This cartoon by Robert Platzgummer (1975-2016) was first published in E-3 Magazine in June 2015. Because of the “Run Simple“ campaign of SAP CEO Bill McDermott (r.), a comparison with Henry Ford (l.) came to mind.

This cartoon by Robert Platzgummer (1975-2016) was first published in E-3 Magazine in June 2015. Because of the “Run Simple“ campaign of SAP CEO Bill McDermott (r.), a comparison with Henry Ford (l.) came to mind.

SAP: Data Base Monopoly

For a long time, SAP was regarded as a closed system with a heterogeneous system environment. R/3 and even still ERP/ECC 6.0 feel comfortable on different platforms.

Variety is expensive and complex. This realization hit home for the first time when SAP released its ERP version R/3.

It is unknown just how many possibilities for combination between hardware, operating systems and data bases for which R/3 can be customized exist. First, this was regarded as open-mindedness, as innovation. After a while, however, it has developed into a juggernaut that can‘t be controlled.

The quote from Henry Ford (1863-1947) is well-known, “Any customer can have a car painted any color that they want so long as it is black!“ Now, SAP can say the same about its products, “Any customer can use ERP with any data base they want so long as it is Hana.“

What happened? The ERP monopolist is mutating into a data base oligarch. Due to its power over the market, SAP can decide which hardware, which operating system and which data base customers have to use. This seems logical and justifiable on the one hand, but hostile to the market as well as customers on the other hand.

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Hell for SAP

SAP had to jam the brakes! The variety of IT architectures for ERP/ECC 6.0 is nearly impossible to keep track of. For the user, this is beneficial when negotiating with IT providers. For SAP service and support, this is hell.

To find errors in a system with dozens of variables is like painting the Forth Bridge; it’s a never-ending task with little to no reward. Finally, SAP had to provide every infrastructure variant consisting of hardware, operating system and data base to be able to give adequate answers to its customers when in need of support.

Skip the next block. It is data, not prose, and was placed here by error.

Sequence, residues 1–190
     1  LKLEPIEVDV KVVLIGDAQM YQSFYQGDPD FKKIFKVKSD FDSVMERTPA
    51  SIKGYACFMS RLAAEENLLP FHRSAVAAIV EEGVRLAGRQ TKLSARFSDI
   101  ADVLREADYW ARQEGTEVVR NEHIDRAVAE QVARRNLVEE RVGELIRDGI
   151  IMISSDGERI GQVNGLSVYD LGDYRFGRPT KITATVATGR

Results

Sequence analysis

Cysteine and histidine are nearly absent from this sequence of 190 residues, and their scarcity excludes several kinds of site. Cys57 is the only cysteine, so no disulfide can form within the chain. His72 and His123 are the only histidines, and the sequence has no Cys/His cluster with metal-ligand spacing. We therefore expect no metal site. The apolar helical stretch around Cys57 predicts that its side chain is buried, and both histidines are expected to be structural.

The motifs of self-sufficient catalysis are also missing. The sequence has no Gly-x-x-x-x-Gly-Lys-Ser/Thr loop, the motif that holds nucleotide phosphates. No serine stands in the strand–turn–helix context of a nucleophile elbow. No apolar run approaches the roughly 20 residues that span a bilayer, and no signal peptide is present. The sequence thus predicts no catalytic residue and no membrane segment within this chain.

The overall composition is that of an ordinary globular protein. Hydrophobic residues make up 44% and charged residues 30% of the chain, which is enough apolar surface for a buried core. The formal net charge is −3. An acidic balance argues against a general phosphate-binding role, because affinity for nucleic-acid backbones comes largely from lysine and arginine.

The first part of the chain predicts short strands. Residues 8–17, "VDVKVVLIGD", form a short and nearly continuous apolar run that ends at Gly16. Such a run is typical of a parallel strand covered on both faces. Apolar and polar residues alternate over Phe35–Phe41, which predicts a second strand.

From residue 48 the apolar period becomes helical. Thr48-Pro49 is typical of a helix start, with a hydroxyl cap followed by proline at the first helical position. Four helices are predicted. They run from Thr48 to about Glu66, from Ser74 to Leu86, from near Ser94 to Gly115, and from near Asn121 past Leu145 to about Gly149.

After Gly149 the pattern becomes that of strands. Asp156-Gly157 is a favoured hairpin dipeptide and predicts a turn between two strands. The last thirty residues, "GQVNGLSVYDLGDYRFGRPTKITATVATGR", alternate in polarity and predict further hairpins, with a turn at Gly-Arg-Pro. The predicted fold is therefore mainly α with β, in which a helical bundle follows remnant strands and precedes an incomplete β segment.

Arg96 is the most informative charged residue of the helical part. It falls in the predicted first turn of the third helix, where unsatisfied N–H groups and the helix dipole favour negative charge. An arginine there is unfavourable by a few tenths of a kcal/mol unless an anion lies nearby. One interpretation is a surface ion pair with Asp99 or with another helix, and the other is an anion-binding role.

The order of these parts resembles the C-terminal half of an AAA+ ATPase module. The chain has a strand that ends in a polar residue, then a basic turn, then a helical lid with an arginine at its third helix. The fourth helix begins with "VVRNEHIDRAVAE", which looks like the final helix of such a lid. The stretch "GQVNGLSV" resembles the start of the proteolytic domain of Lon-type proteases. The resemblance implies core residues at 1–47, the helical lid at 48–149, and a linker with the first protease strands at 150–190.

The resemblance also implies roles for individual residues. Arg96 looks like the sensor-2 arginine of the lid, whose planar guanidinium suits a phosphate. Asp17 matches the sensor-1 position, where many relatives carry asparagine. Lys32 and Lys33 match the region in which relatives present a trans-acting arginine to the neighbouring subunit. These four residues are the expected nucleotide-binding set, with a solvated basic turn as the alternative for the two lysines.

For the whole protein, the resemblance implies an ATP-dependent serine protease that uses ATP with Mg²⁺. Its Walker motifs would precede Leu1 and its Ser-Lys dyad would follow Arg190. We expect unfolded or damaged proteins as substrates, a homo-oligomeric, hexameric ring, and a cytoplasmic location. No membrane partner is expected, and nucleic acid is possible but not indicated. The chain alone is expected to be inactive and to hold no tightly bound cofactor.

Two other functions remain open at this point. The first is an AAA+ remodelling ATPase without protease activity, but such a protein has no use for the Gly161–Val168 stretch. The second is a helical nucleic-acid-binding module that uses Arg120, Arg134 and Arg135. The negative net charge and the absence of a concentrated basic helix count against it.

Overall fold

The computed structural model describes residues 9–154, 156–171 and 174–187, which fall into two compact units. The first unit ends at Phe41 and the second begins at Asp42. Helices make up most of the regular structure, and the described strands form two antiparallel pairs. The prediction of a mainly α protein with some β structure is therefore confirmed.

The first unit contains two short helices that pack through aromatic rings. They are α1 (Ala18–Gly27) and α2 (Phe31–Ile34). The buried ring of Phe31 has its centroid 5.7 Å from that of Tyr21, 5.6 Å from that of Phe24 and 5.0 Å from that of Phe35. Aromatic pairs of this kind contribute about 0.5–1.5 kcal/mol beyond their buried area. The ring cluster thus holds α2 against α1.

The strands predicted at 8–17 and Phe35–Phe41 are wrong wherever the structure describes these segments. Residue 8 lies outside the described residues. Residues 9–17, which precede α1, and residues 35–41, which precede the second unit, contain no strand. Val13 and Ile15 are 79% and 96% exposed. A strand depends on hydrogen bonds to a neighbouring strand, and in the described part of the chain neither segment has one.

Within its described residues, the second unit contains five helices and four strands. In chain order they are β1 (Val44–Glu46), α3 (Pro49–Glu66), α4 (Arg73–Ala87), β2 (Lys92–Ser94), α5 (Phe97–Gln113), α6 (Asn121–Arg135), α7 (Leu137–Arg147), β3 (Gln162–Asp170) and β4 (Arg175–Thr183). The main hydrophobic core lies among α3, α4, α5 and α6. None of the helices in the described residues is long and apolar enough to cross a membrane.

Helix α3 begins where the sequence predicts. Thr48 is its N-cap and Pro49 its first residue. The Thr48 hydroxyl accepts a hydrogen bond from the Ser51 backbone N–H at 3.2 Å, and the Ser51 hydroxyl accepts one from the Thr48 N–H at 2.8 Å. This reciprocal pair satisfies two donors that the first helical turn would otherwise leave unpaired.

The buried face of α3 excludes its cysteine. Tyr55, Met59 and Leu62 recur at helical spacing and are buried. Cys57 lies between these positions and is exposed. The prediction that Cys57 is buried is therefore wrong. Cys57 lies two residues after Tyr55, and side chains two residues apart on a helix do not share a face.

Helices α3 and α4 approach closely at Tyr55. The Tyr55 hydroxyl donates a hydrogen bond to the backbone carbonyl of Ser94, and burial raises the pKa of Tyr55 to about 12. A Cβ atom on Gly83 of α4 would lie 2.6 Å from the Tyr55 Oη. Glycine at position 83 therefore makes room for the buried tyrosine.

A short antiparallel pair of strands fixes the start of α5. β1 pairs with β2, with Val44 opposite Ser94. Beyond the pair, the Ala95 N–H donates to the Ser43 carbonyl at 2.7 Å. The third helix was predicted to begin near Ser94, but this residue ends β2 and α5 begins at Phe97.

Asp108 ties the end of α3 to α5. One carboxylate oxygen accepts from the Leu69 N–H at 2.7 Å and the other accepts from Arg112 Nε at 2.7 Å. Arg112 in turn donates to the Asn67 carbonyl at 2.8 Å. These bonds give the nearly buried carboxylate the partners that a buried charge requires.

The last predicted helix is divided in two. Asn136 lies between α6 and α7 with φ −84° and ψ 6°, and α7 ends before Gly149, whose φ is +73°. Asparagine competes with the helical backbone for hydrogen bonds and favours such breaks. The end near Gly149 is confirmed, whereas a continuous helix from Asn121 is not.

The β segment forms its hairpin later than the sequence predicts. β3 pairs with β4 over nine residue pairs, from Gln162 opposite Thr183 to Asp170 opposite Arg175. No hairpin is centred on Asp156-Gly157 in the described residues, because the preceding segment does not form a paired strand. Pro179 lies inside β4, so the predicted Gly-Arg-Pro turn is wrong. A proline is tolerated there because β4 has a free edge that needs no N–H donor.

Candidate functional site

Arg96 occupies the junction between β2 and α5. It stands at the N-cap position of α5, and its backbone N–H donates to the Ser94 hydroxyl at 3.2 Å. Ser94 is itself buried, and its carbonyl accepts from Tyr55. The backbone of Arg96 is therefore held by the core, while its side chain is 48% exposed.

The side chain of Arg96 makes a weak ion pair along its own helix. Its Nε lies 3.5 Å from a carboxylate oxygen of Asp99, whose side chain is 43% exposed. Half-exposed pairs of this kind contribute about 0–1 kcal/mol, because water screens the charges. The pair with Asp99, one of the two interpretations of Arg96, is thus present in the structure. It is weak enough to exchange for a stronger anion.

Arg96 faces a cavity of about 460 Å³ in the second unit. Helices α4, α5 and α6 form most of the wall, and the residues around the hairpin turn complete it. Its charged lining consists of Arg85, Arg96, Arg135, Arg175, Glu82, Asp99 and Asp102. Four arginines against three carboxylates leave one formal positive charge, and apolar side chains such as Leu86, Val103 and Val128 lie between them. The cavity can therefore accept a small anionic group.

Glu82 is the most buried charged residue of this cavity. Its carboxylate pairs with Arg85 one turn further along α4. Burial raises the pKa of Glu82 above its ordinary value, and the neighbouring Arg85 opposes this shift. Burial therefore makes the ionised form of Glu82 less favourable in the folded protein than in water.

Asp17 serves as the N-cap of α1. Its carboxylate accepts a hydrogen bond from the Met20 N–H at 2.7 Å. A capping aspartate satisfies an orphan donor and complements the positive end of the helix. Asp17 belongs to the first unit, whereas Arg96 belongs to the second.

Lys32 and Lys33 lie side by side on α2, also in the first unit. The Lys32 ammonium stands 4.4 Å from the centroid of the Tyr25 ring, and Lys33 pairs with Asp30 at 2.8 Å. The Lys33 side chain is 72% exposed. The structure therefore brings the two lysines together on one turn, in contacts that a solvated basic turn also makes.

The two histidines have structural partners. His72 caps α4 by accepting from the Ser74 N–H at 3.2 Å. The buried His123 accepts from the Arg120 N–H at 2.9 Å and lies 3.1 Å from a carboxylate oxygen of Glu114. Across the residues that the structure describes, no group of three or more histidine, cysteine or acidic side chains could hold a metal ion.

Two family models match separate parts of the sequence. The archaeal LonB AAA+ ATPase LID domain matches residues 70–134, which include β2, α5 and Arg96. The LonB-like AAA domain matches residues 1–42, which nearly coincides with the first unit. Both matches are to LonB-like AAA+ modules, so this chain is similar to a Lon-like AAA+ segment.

The “Hana consolidation“ to one certified hardware, two Linux OS versions and Hana seems understandable from SAP’s perspective. Of course, other tactical reasons were a deciding factor as well – for example, to get an edge over Oracle. How this situation with a singular data base will turn out remains to be seen – in 2025 at the earliest.

The data base monopoly of SAP is also developing into a monopoly of attitude: SAP is ever more often coming to the conclusion that SAP software is the only right thing for existing customers.

With the new CRM initiative C/4, SAP wants nothing more than to monopolize the entire customer experience supply chain. Whoever is still using SAP Hybris, Salesforce and Adobe as well as ECC 6.0 or S/4 in their back-office for their online shop will have to consider whether or not the additional licensing costs for Indirect Access are worth it or if they are simply going to switch to C/4 and Hana.

By combining individual offers to packages, SAP reduces customer’s choice. Therefore, it is not hard to imagine Bill McDermott saying, “Any customer can have any CRM and supply chain combination that he wants so long as the combination is C/4 and Hana.“

 

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